June 1, 2004

I agree, nothing adds to the performance of a vehicle more than a gear-ratio change. Depending upon the type of driving, I also prefer 3.50:1 gears for a street-driven vehicle. They yield plenty of torque for off-the-line performance yet allow decent highway driving as well. Anything numerically higher would make highway driving unpleasant, as the higher rpm would create unwanted interior noise and would kill fuel economy.

A limited-slip differential is not necessary for a street-driven car unless there's a need to tie both rear wheels together. Under most street conditions, both rear tires have an equal amount of traction, therefore even an "open" differential will apply equal torque to both rear wheels. However, if traction is limited or lost on one wheel, an open differential will send all the torque to that side, forcing that one tire to spin. A limited-slip would send torque to both rear wheels regardless of traction conditions. A drag-racing-style start will cause one tire to lift slightly, creating unequal traction to the rear wheels, thus a limited-slip differential would help in this situation. For ordinary street use, an "open diff" will suffice; but for drag racing, fast starts, or inclement weather, a Posi-traction type of differential is the answer.

Door Speaker PlacementI have a '70 hardtop, with a standard interior, that came with a few options like a C4 automatic transmission, a 302 2V, and A/C. I've been restoring it with the intent of keeping a stock appearance, but I've been upgrading it with some of the factory options like power disc brakes and center console. I picked up an original AM/FM stereo I would like to install with the standard speaker locations in the doors, but I'm not sure where the cutouts would go. I've searched the Internet, but have not found any help. Are there any templates available that show the proper hole locations?Perry ThuenteNaperville, IL

The speaker location is not super critical, therefore a template is not absolutely necessary. Basically, the speakers were mounted with their centers in line with the window cranks. A quick look at some photos and other Mustangs at a car show will give you the general idea. If your car has a deluxe interior, the back of the door panel may have an outlined area that's to be removed so it would be open to the speaker. It's important, however, to be certain the speaker will not interfere with either the window regulator mechanism or the glass. With the door panel removed, pick the spot where you feel the speaker should be, hold the speaker inside the door, and carefully operate the window to look for proper clearance. A small adjustment one way or another will not affect the overall look and may be necessary, as the dimensions of various speakers will vary. The speakers and grilles are available from most Mustang parts vendors and they can coach you on the correct size speaker.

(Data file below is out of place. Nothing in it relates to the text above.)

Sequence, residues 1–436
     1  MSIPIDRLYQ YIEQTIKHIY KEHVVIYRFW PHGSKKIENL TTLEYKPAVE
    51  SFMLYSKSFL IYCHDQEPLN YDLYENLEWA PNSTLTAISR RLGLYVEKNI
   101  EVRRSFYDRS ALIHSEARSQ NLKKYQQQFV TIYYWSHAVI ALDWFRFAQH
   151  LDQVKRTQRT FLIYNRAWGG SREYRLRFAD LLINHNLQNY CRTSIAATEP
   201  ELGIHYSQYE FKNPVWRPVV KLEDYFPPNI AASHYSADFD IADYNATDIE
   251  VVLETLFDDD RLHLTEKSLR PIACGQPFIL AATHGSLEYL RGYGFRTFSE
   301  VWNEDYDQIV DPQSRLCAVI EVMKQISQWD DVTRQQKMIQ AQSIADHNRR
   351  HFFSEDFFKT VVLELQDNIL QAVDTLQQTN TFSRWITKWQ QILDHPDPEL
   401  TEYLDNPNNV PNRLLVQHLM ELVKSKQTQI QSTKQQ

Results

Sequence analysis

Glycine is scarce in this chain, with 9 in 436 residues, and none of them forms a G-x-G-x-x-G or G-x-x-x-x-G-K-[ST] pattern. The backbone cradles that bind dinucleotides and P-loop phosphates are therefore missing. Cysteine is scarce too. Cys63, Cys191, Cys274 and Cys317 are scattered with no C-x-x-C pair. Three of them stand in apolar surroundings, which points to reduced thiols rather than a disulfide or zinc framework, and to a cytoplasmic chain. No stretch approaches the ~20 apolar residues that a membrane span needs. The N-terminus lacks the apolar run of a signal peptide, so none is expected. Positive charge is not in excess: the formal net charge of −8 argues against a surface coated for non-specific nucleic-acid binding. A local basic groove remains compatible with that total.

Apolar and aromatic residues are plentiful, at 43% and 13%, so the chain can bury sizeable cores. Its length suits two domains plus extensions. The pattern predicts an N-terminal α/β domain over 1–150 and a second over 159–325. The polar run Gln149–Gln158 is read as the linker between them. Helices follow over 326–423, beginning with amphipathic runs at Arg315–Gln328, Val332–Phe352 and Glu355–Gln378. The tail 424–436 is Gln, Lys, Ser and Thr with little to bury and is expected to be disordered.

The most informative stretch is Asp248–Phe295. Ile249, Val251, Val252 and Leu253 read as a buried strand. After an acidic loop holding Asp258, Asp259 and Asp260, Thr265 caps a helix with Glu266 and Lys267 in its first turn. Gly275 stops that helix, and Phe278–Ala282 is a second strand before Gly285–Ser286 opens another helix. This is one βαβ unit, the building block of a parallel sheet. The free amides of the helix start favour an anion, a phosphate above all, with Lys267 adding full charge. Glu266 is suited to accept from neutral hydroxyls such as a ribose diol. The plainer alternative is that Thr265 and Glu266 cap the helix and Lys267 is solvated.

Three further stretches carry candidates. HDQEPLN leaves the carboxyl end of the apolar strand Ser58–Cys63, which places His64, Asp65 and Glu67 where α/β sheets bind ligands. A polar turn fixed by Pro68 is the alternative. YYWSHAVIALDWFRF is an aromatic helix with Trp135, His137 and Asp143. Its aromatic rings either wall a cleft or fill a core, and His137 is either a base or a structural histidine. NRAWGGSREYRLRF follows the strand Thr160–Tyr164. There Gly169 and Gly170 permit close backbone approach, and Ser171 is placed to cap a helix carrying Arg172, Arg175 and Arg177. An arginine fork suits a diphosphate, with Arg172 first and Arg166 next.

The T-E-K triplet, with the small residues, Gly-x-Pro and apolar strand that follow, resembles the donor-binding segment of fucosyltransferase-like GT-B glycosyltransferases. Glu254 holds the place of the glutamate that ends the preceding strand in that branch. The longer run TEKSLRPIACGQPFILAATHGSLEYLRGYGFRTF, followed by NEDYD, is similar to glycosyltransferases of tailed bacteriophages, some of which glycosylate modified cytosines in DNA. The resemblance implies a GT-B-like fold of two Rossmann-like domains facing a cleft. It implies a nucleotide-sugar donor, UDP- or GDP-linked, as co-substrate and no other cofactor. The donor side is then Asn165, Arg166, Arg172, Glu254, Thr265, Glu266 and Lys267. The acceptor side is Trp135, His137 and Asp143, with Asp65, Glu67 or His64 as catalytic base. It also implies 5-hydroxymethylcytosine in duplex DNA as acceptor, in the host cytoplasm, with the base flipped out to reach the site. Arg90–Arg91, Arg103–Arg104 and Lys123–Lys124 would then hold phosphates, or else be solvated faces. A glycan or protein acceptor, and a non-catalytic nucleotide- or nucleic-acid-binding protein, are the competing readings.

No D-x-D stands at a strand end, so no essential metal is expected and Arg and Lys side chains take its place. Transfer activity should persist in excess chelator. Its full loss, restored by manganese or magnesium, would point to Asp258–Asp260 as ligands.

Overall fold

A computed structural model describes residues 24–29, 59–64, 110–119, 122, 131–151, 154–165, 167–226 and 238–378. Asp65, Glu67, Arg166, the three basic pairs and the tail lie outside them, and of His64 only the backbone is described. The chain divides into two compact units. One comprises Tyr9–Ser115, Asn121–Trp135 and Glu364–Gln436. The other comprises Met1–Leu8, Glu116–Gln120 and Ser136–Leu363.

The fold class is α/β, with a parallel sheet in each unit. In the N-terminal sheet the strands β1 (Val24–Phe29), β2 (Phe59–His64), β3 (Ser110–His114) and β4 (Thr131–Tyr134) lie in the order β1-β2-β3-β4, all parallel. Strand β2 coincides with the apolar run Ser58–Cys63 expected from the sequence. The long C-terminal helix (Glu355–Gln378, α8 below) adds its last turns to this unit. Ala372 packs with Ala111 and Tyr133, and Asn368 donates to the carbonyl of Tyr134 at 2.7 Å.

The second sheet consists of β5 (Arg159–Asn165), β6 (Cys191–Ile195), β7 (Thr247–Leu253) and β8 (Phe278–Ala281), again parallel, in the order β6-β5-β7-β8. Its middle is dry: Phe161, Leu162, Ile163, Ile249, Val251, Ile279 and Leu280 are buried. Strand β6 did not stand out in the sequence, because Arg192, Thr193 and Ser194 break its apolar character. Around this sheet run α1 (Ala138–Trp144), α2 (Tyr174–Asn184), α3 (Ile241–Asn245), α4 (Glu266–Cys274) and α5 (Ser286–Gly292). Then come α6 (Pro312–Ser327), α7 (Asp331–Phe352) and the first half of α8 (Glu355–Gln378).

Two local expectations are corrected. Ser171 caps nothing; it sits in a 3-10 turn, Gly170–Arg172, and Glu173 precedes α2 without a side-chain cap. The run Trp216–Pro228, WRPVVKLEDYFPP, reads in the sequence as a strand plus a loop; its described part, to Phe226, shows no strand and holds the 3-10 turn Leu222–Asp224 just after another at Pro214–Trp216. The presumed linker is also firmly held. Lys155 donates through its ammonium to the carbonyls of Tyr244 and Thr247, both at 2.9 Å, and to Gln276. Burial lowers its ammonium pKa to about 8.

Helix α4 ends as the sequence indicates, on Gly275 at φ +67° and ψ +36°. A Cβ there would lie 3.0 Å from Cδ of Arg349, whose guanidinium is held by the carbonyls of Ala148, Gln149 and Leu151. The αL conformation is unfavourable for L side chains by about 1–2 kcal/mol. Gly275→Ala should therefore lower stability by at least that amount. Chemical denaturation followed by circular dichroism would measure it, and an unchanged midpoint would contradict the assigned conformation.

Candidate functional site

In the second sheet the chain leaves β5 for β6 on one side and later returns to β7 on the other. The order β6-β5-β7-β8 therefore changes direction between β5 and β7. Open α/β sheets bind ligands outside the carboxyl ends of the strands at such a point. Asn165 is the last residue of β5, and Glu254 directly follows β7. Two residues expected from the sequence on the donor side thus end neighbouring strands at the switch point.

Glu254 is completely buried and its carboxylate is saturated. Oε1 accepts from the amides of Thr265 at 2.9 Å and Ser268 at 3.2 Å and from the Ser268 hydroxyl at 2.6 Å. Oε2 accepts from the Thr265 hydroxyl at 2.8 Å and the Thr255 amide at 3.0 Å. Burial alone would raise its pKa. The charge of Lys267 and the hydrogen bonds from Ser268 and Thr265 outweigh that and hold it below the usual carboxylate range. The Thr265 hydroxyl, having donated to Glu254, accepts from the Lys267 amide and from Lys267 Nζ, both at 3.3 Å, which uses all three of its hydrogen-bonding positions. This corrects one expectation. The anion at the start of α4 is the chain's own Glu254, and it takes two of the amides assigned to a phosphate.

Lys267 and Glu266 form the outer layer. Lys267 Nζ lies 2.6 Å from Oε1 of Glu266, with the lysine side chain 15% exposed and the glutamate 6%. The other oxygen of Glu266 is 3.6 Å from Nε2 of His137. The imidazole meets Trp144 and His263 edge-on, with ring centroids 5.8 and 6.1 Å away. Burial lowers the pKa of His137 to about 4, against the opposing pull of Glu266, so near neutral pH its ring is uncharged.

Export BracingI'm planning to install an export brace in my '69 Mustang coupe and would like to know if it mounts below or above the mounting bracket on the firewall.Mark S. von WehrdenVia the Internet

The export brace mounts above the firewall flange and is a direct drop-in for your coupe. I highly recommend the addition of an export brace on a '69-'70 Mustang to strengthen the weak shock towers. These cars really respond to the additional support. If the brace does not fit between the shock towers, the towers have begun to move toward the center of the vehicle and must be spread out. This may require some muscle and may be accomplished with prybars between the export brace and shock tower. I usually remove the hood and jack up the car in the center, under the bolt-in crossmember, to allow the weight of the hanging suspension to help spread the towers. A stubborn vehicle may require the use of a hydraulic "Port-A-Power." Remember, the export brace is dimensionally correct, but the shock towers may require some "coaxing."